A recent filing at the U.S. Surface Transportation Board (STB) reveals a potential, budding conflict between Metra and Amtrak involving Metra's use of the Chicago Union Station. Amtrak owns the station and Metra is its largest tenant. Their lease arrangements, dating back to 1984 and renewed periodically, are scheduled to end in April 2019.

The STB is a small federal agency that is little known outside of railroad transportation circles. A small cadre of well-regarded experts is responsible for administering the regulatory laws that have continued to govern freight railroads even after Congress abolished the Interstate Commerce Commission. (The ICC was the first independent regulatory agency, created in 1887 to respond to complaints about railroad pricing and practices.) The STB's overwhelming focus is on freight transportation, but it has a few important powers relating to intercity passenger and certain commuter rail operations.

In a carefully framed petition, Metra has asked the agency to issue a declaratory order finding that Amtrak is subject to certain narrow legal limitations on its ability to control Metra's use of Union Station.

For decades, Metra has been a tenant of an Amtrak subsidiary company that owned Union Station. However, Metra recently discovered that that subsidiary had been merged into Amtrak. Here's where it gets interesting. The subsidiary was a railroad common carrier and subject to certain duties, enforced by the STB, to allow commuter lines like Metra to use its facilities at charges that can be set by the STB. Metra contends that Amtrak is now taking the position that Metra lost those rights when the merger occurred. Metra's petition asks the STB to declare that its rights remain.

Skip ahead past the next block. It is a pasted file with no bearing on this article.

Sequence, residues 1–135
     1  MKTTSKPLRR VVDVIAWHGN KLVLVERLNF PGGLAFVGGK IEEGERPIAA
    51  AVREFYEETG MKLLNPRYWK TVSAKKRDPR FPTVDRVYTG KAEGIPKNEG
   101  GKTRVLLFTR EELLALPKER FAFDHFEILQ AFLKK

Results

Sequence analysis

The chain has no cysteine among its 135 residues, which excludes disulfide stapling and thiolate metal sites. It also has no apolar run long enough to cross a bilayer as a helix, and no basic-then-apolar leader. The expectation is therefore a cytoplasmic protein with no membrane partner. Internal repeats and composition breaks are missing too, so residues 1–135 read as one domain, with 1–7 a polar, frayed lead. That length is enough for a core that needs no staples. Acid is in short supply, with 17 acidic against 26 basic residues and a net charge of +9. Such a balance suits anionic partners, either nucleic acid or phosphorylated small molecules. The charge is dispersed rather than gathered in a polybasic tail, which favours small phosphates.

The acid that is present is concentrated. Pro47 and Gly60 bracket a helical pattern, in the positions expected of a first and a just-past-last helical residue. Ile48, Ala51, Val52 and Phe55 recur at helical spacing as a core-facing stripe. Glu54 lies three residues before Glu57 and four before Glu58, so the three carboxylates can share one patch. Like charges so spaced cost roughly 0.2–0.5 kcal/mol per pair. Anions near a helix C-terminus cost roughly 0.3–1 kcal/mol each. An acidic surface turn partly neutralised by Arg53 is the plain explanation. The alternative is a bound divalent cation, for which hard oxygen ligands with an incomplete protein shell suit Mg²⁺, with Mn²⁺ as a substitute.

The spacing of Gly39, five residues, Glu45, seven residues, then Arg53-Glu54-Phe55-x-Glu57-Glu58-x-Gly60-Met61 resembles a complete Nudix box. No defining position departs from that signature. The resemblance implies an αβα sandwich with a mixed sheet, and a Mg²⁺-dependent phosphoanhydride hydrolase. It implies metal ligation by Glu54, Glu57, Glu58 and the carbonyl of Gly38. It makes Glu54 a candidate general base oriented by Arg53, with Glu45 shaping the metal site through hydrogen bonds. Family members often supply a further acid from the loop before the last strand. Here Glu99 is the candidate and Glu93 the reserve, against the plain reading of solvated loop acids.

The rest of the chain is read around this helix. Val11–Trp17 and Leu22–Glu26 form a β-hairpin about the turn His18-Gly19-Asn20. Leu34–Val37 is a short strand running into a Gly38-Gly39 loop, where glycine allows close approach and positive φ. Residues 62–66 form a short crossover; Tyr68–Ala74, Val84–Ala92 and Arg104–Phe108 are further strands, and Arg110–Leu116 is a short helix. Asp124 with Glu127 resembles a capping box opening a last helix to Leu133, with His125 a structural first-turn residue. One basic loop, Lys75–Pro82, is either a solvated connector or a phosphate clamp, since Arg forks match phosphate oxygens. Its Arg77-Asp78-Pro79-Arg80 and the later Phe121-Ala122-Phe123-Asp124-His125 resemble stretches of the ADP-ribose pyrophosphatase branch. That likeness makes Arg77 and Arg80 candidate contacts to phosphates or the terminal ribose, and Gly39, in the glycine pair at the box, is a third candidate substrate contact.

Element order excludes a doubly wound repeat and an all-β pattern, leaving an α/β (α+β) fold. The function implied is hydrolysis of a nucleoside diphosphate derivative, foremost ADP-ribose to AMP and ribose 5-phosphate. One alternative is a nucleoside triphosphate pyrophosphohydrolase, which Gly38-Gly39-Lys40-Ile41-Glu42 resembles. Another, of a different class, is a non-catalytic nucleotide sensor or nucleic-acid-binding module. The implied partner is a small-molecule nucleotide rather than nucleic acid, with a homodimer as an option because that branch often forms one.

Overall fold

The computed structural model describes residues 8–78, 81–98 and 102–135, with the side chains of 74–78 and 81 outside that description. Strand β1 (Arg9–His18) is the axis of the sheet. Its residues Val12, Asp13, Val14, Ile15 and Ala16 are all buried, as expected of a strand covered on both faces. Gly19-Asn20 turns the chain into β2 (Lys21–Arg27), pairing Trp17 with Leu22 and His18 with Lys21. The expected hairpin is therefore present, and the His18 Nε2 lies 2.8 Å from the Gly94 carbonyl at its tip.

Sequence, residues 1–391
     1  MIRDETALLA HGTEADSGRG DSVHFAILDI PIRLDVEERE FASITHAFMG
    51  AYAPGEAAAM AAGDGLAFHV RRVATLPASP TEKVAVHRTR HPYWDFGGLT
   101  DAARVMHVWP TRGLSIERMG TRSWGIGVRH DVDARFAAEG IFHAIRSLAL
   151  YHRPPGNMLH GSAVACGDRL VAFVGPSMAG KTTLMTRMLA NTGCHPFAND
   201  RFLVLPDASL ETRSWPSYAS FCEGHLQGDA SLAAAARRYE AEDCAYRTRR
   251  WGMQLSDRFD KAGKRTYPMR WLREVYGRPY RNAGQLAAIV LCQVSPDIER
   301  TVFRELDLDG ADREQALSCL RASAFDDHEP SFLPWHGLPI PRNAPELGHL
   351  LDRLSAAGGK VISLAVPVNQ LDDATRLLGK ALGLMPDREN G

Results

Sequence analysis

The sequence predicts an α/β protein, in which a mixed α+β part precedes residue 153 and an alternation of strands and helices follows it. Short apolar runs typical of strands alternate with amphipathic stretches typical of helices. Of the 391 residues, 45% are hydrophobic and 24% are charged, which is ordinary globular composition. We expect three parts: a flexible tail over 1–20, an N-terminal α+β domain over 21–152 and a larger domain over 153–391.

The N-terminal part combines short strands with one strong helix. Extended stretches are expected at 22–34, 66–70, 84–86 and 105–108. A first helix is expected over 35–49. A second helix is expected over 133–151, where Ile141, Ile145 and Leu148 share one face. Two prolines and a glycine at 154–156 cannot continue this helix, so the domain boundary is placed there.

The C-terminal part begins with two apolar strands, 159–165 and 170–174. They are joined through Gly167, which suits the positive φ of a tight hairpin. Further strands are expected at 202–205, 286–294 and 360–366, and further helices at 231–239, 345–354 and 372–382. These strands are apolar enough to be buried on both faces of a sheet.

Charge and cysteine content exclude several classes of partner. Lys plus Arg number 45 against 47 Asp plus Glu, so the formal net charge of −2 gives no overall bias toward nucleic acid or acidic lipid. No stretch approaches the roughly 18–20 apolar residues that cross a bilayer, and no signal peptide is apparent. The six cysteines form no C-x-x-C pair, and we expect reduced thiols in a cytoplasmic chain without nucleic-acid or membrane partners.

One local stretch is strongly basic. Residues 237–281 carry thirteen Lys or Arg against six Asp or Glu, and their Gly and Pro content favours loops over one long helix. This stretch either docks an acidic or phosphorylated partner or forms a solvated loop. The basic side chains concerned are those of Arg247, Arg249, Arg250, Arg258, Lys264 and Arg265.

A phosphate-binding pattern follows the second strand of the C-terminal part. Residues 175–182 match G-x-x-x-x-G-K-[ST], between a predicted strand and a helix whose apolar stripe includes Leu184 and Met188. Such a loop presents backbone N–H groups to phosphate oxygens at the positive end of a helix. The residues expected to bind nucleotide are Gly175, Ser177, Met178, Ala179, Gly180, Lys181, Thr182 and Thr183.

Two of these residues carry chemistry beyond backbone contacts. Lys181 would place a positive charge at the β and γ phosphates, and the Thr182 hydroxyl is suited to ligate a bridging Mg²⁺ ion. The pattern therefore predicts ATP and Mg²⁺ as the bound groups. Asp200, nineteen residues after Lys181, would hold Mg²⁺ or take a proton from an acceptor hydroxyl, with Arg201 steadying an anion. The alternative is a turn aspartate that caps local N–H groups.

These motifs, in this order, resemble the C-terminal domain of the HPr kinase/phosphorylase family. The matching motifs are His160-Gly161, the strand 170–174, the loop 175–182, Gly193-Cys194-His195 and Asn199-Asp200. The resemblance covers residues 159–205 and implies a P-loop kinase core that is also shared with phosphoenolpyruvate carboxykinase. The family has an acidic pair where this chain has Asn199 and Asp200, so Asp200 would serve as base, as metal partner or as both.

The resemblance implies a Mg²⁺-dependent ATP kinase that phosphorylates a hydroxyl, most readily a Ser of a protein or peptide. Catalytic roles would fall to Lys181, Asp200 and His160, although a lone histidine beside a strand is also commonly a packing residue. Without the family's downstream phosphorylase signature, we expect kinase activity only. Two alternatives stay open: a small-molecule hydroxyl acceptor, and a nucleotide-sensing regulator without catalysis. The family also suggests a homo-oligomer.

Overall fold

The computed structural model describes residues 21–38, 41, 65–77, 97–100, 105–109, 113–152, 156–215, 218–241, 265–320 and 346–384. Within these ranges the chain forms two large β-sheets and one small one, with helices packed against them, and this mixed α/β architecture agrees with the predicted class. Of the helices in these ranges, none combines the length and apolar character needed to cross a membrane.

To lend weight to its petition, Metra cites the give-and-take between Amtrak and a different commuter line in Washington, D.C. well over a decade ago. A news report included in Metra's STB filing describes events in which Amtrak is said to have threatened to stop the commuter line from using Washington's Union Station as negotiating leverage in a contract dispute.

Now, no one seriously believes that Amtrak would attempt to stop Metra from operating into Chicago's Union Station until a new lease could be reached. Metra's petition indicates that 41 percent of its passengers to and from downtown use Union Station. Over 100,000 passengers ride 286 Metra trains on six separate routes to and from Union Station weekly. Both Amtrak and Metra are politically savvy organizations and both are dependent on government funding. As difficult as the negotiations for a new lease might become, a shutdown in Metra's access to Union Station isn't going to happen. But these kinds of arrangements inevitably contain provisions allocating responsibilities, including liability for accidents. In the absence of a new agreement, or at least some agreed-upon interim arrangement, things could get very interesting as the deadline approaches next year.

For its part, Metra goes out of its way to assure the STB that it is optimistic that an extension of its rights in Union Station will be reached without regulatory intervention. However, it is clear that Metra wants to make sure that it has a legal remedy if its discussions with Amtrak prove unsuccessful.